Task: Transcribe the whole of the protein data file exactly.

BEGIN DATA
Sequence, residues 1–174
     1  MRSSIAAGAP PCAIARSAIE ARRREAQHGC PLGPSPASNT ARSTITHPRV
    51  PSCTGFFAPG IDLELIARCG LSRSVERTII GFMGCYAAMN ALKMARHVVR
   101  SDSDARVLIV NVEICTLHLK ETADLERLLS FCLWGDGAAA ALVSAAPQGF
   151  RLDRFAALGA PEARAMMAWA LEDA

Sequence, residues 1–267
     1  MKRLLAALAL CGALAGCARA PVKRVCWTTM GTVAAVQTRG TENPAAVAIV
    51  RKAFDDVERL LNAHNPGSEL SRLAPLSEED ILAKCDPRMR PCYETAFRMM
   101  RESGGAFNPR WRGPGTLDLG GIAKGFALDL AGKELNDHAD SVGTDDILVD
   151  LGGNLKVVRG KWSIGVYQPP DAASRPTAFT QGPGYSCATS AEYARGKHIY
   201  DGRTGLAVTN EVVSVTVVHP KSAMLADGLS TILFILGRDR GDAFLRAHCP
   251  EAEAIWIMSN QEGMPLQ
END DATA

Sequence, residues 1–174
     1  MRSSIAAGAP PCAIARSAIE ARRREAQHGC PLGPSPASNT ARSTITHPRV
    51  PSCTGFFAPG IDLELIARCG LSRSVERTII GFMGCYAAMN ALKMARHVVR
   101  SDSDARVLIV NVEICTLHLK ETADLERLLS FCLWGDGAAA ALVSAAPQGF
   151  RLDRFAALGA PEARAMMAWA LEDA

Sequence, residues 1–267
     1  MKRLLAALAL CGALAGCARA PVKRVCWTTM GTVAAVQTRG TENPAAVAIV
    51  RKAFDDVERL LNAHNPGSEL SRLAPLSEED ILAKCDPRMR PCYETAFRMM
   101  RESGGAFNPR WRGPGTLDLG GIAKGFALDL AGKELNDHAD SVGTDDILVD
   151  LGGNLKVVRG KWSIGVYQPP DAASRPTAFT QGPGYSCATS AEYARGKHIY
   201  DGRTGLAVTN EVVSVTVVHP KSAMLADGLS TILFILGRDR GDAFLRAHCP
   251  EAEAIWIMSN QEGMPLQ